By JAKE ZUCKERMAN
CHARLESTON, W.Va. — Despite a continually worsening national opioid epidemic, President Donald Trump’s administration is attempting to slash funding for the Office of National Drug Control Policy.
A leaked memo cited in a Politico report reveals the White House proposed to decrease funding for the ONDCP from $388 million annually to $24 million. That money works its way from Washington, D.C., to a number of law enforcement and drug prevention programs across the country, including some in West Virginia.
Once designated as a HIDTA, county law enforcement agencies can receive federal resources to curb drug flow through the area.
A major regional ONDCP dollar recipient, Appalachia HIDTA was allocated an $8 million budget from the office, according to its 2015 annual report. It covers more than 80 counties throughout Kentucky, Tennessee, Virginia and West Virginia.
In 2015 alone, Appalachia HIDTA seized 381.9 kilograms of heroin, 80,000 dosage units of prescription drugs and 37.6 kilograms of synthetic substances, among others, according to its annual report. Likewise, it seized more than $1.1 billion in wholesale value of illegal drugs and seized more than $30.4 million in cash and other assets that same year.
West Virginia houses 19 counties that qualify as High Intensity Drug Trafficking Areas: Berkeley, Boone, Brooke, Cabell, Hancock, Harrison, Jefferson, Kanawha, Lincoln, Logan, Marshall, McDowell, Mercer, Mingo, Ohio, Putnam, Raleigh, Wayne and Wyoming.
Several phone calls made to various members of Appalachia HIDTA and its counterparts at the Southern District of West Virginia’s U.S. Attorney’s office were not returned for this article.
Though the ONDCP’s page on the White House’s website used to contain a wealth of information, it has since been updated and replaced with one sentence: “Check back soon for more information.”
Along with drug trafficking areas, Drug Free Communities, which receive the ONDCP money on the basis that they organize to prevent youth substance abuse, also could lose their grant funding.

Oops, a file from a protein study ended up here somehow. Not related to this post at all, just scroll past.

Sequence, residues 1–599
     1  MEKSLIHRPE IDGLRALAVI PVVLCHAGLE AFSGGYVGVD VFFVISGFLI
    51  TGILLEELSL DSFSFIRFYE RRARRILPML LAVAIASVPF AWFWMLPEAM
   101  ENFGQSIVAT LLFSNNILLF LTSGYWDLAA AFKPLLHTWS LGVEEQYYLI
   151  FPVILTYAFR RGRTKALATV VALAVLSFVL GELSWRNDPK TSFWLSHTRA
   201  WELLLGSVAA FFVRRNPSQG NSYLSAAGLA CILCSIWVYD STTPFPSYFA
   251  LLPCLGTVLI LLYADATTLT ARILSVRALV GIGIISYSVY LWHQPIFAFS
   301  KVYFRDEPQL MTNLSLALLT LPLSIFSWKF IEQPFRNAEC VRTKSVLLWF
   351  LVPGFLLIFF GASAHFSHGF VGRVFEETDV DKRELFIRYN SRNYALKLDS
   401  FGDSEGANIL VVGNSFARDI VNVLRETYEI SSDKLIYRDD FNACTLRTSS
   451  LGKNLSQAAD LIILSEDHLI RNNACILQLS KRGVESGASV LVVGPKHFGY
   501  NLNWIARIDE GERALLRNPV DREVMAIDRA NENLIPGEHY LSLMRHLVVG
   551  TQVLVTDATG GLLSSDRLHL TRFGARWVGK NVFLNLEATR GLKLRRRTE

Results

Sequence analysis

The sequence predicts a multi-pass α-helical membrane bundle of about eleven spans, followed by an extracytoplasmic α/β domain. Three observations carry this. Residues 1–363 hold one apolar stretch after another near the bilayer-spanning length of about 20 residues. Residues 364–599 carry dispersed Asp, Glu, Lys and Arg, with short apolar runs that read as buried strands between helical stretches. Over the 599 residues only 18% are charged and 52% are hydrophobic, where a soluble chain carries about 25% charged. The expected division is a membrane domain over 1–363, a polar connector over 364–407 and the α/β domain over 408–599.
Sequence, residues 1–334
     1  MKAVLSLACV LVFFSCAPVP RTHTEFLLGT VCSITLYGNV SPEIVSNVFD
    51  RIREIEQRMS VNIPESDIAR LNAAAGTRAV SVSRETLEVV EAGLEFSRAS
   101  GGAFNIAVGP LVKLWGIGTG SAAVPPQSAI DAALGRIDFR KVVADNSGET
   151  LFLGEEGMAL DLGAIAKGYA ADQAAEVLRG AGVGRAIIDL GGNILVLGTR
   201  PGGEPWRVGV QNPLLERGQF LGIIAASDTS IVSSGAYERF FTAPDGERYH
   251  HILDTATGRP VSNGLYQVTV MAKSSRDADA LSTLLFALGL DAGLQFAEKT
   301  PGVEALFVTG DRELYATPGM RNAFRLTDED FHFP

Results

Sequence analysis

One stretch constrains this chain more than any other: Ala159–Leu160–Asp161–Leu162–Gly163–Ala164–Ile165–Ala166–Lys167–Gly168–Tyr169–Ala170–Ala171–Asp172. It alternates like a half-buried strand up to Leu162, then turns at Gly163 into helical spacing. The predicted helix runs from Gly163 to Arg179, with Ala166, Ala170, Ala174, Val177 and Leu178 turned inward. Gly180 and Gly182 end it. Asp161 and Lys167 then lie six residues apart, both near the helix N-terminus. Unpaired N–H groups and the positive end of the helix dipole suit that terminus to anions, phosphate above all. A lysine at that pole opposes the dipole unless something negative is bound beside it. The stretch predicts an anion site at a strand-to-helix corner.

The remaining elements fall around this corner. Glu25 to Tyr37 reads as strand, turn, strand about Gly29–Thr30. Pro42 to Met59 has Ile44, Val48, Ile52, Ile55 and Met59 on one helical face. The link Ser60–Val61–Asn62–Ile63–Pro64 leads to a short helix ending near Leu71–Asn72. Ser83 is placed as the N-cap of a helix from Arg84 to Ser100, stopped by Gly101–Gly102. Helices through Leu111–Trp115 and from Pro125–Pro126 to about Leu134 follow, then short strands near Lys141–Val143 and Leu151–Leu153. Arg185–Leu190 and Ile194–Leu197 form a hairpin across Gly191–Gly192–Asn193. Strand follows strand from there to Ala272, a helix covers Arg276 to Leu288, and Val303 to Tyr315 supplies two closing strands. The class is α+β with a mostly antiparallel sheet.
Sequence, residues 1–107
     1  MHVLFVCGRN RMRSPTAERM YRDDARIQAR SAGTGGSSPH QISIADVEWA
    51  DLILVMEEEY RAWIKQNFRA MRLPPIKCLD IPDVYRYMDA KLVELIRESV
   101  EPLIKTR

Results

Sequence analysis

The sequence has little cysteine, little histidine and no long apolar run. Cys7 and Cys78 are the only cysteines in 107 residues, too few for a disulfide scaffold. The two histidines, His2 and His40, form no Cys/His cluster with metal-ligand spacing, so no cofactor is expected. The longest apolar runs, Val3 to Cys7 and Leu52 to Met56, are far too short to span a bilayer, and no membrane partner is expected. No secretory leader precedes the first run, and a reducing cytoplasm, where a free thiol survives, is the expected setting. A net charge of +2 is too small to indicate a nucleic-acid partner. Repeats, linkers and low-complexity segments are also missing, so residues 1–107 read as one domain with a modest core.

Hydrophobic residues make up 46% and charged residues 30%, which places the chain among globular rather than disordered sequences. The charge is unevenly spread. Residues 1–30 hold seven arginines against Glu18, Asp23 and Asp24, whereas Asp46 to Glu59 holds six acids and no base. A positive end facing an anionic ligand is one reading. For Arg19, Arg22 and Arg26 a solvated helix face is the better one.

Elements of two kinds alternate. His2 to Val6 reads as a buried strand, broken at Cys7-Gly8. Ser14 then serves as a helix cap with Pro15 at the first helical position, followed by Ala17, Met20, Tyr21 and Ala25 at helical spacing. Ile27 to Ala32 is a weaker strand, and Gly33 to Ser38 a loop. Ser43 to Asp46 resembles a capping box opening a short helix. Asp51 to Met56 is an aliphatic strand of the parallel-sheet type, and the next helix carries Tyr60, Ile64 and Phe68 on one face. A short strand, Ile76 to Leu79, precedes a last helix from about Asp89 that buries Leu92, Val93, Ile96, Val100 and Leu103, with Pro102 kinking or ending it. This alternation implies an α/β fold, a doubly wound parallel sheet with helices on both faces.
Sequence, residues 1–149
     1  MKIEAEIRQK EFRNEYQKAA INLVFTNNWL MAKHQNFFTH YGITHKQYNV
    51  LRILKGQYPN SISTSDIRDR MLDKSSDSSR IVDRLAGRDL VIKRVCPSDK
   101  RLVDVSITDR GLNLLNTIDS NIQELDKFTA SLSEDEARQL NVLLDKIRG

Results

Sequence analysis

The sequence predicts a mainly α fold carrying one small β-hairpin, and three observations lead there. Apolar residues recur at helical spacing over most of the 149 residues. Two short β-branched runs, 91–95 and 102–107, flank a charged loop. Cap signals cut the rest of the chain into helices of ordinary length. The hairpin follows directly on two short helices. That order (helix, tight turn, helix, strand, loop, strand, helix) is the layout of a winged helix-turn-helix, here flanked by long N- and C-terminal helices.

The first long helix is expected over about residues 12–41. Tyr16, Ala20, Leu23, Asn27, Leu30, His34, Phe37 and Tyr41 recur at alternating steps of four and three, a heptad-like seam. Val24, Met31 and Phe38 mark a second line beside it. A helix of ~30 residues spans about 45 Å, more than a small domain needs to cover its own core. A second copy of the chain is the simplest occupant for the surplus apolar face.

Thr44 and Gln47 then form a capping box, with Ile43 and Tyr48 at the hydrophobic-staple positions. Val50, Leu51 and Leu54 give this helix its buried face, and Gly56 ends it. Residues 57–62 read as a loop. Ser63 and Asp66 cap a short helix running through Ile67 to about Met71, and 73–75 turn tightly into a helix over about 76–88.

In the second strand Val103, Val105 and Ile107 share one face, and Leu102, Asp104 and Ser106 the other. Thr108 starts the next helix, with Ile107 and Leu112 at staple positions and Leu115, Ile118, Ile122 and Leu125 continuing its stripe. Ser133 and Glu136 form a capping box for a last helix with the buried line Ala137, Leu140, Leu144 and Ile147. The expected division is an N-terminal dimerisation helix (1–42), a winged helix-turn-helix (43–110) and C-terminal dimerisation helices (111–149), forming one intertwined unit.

In West Virginia, three such organizations receive $125,000 annually from the federal organization: Advocates for Substance Abuse Prevention, the Morgan County Partnership and Strong Through Our Plan, according to a news release from U.S. Sen. Joe Manchin’s office when the funding was announced in 2015.
Mary Ball is a project coordinator for Advocates for Substance Abuse Prevention, which works to produce and share media campaigns designed to prevent youth drug and alcohol use, and to put on events to sponsor drug-free lifestyles.
She said though there’s no surefire way to measure the success of a preventative organization, the coalition has helped foster several popular community programs. Though she declined to comment on how policymakers do their job, she said keeping children away from drugs is invaluable to a community.
“The thing with prevention work is that we could be making a difference and never see it,” she said. “If you affect the life of one person, then you’re successful. We do our best with the programs we have and the things we’re given. As long as we touch at least one person, we’ve done our job.”
In a news release, U.S. Rep. Evan Jenkins, R-W.Va., criticized the proposal. He said the HIDTA program effectively stymies drug flow through West Virginia.
In the leaked memo, in a category marked “Justification,” the draft states the ONDCP produces “duplicative and burdensome administrative tasks” and the freed-up funds can be better used to address drug threats elsewhere.
The argument, however, has found traction from an unlikely source. Grant Smith, deputy director of national affairs with the Drug Policy Alliance, said in a statement that since the focus on combating the drug problem has come from a public health angle, not a criminal justice one, the federal body has been made irrelevant.
“The reality is that ONDCP is an agency in dire need of reform,” he said. “The HIDTA and Drug Free Communities grant program, run by ONDCP, are a phenomenal waste of money that contribute to the incarceration and stigmatization of drug users, so their elimination is a welcome move.”
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